Swimming well is all about swimming efficiently. In order to swim efficiently, we must reduce our body’s drag in the water as much as possible. There are key factors that reduce drag in the water. Those keys are body line, body balance, and body roll.

To become fast in the water, we must first become efficient. It does us little good to practice “bad swimming”. All we accomplish is staying slow at “bad swimming”. We must become proficient to become efficient! Therefore, it is vital to drill, drill, drill when we are first learning, rather than swimming sets while flailing around. You would also be wise to allocate some of your triathlon funds first towards swimming lessons with a qualified triathlon or swim coach, rather than towards fancy new equipment.

Body line:
●Body in straight line, as if standing with perfect “model” posture. Picture a book on head. Translate that vertical posture to horizontal position in water.
●Head position in neutral, ears in line with shoulders, chin tucked back. Can practice lying prone with head and shoulders off edge of bed, arms back by sides
●When kicking, legs stay within “body cylinder” about 1.5 feet around your body
Body balance:
●Press your “lung buoy” down
●Head position determines hip position-neutral head will keep legs and hips up
●Water line at top of forehead so top of head out of water. Don’t bury head
●Eyes look about 5 ft in front of you but at bottom of pool
●Small flutter kick from hips-activate glut muscles
●Small part of buttocks out of water
Body roll:
●Roll from side to side
●Maintain body line as you roll, don’t lift head
●Turn head to side to breath as you roll. Important to roll equally well to both sides. If so, you will be able to breath to both sides.

Arm Cycle:
●Hand enters water 1/2 way between head and elbow of opposite arm as it’s stretched out overhead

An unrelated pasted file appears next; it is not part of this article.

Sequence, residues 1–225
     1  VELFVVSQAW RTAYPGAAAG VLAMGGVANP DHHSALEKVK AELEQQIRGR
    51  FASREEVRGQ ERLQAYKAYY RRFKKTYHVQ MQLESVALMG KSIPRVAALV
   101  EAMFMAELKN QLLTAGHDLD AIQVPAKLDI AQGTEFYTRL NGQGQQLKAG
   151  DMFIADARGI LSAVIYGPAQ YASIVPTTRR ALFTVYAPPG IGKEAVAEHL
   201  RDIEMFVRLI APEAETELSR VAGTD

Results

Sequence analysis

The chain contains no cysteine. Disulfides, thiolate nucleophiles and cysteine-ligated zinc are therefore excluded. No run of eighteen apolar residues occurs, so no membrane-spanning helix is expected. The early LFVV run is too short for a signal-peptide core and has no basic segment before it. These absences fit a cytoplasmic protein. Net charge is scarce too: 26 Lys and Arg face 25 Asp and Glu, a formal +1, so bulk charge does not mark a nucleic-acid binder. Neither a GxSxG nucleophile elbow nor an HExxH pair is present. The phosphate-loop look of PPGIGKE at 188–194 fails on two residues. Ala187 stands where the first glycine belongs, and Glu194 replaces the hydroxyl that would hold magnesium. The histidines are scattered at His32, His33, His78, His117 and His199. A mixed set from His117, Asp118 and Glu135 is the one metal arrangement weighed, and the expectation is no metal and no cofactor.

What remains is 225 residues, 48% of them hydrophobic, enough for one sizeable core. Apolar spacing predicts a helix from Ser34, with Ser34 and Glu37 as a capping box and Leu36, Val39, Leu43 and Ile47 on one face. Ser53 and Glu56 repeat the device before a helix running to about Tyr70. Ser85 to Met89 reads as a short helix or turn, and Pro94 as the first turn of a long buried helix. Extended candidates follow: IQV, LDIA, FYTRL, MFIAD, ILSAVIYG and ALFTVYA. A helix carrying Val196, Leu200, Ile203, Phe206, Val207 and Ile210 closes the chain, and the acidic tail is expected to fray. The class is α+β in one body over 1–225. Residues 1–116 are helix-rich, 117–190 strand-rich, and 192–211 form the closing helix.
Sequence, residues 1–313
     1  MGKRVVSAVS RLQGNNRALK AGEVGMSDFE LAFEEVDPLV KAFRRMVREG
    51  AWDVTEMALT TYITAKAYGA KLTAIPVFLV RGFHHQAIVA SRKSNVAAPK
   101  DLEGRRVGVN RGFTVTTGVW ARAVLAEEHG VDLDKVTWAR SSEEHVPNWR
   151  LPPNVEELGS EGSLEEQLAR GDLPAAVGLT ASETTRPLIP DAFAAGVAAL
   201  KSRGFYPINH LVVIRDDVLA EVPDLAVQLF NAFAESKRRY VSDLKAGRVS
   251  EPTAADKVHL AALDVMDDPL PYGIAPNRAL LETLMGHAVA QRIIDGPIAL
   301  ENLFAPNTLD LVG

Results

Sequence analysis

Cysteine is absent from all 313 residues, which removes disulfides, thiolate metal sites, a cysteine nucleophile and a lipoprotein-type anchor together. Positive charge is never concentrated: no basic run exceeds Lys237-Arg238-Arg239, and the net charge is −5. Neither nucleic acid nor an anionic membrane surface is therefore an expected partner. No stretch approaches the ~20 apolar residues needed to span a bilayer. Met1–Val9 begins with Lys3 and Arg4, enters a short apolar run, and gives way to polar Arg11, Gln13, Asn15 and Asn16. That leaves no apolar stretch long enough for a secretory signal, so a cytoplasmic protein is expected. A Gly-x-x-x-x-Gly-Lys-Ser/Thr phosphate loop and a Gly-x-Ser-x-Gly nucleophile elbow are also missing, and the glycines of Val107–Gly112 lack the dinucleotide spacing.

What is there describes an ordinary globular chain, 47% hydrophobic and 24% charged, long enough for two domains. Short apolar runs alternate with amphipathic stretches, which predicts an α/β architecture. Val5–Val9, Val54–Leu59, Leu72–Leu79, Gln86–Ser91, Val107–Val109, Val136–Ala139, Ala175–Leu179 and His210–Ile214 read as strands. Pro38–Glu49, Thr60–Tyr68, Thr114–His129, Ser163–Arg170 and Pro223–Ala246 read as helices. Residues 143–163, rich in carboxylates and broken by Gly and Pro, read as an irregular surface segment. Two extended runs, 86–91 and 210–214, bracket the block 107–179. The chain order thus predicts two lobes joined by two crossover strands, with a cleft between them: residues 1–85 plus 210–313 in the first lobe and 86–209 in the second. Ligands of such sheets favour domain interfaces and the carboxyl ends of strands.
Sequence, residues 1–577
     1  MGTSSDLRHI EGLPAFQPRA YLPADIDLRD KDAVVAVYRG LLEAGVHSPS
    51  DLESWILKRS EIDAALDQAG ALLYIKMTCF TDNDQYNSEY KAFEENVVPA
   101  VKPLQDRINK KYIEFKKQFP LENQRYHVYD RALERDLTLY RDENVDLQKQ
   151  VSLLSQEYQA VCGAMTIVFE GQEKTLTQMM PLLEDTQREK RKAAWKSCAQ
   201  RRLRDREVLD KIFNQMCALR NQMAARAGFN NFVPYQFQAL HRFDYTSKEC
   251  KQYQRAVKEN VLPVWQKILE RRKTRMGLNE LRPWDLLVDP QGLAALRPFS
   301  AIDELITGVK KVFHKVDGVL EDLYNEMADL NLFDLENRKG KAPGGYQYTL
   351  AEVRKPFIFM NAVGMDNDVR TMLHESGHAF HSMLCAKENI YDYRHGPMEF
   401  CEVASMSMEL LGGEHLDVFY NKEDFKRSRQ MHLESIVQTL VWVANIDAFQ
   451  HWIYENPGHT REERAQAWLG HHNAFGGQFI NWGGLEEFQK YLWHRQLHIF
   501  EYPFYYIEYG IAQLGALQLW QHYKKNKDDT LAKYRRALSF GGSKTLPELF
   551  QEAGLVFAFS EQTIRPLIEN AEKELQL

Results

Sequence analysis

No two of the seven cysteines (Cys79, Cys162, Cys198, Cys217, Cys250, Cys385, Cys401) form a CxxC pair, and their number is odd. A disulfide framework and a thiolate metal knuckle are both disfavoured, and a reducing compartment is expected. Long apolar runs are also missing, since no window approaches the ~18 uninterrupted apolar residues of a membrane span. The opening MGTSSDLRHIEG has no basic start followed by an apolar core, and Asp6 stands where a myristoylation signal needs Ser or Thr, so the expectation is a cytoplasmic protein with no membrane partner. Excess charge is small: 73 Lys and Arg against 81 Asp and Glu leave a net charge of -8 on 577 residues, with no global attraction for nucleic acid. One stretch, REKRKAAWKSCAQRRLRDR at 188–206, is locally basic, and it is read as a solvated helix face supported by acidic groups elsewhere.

●Fingers enter in straight plane like putting them into a mail slot
●After arm is straight, contine to reach forward with arm pit, arm about 6 inches under water surface
●Catch water with cocked wrist
●Rotate shoulder inwards, bending elbow to 90 degrees to form large paddle with arm
●Pull body forward past arm, think of rope climbing with hand “fixed”, body moving
●Finish pull with hand deep in hip pocket
●Release when hand comes out of water at full arm extension with hand back by thigh
●Recover with elbow lifting out of water first, like a puppet on string, forearm and fingers dangling down relaxed
●Rotate body and extend arm out to enter water again
●Keep arms out wide, like swimming on railroad tracks
●Power comes from rotation of trunk. Rotation starts at the arm and shoulder during the reach, moves to the trunk, and carries on down to the hips and legs so the whole body rotates as much as 60 degrees. Power comes from the trunk,hips and legs rotating back to center during the pull phase
●Starts with forced exhalation through mouth and/or nose when face is down
●Inhale at end of body roll with slight extra head rotation so one half of goggle comes out of water
●Looking into arm pit when breathing prevents lifting of head
●Re-establish head position as quickly as possible
●Breath alternating sides
●Every 3-5 strokes
●Not particularly forceful
●Flutter motion from the hips, small and steady
●2-beat kick most common-when left leg kicks twice for each complete cycle of the right arm
●Also 4-beat and 6-beat used for surging or sprinting
●Increase rate of kick rather than size when sprinting-remember, keep kick within body cylinder

Swim aids:
●Snorkel, strongly recommended for beginners so attention can be focused on particular components of technique and not breathing. Also recommended instead of a kickboard during kick drills because it promotes body line and balance
●Fins good to help develop strong leg muscles and stronger kick. Good to use with drills that have little or slow arm movement in order to keep speed up
●Paddles used to develop stronger arm muscles and power. Not recommended until form is perfected

Lap Pool Guidelines:
●Sharing of lap lanes is necessary when all lap lanes are full and appreciated when not
●When swimming in a shared lane, swim with a swimmer of equal ability when possible
●When sharing a lane arrange with other swimmer to either circle swim in CCW direction, or split the lane down the middle and each swimmer stays on side. Always try and keep a 5 second distance from the swimmer ahead of you if circle swimming
●When resting in a shared lane stay to the right along the wall
●Remember to always look forward when swimming to avoid hitting anyone in the lane

Example Swim Workout:
A typical swim workout entails a warm up (WU), a drill set (DS), a main set (MS), kick set (KS), and a cool down (CD). A set is the number of times you perform the yardage called for followed by the rest time call for. For example, “8 x 25 w/ 10sec” means swim 25 yards then rest 10 seconds and repeat that 8 times. The following is an example of a beginner swim workout:

WU 200
DS 8 x 25 w/10 sec
MS 4 x 100 w/15 sec
KS 8 x 25 w/15 sec
CD 200
total 1200 yds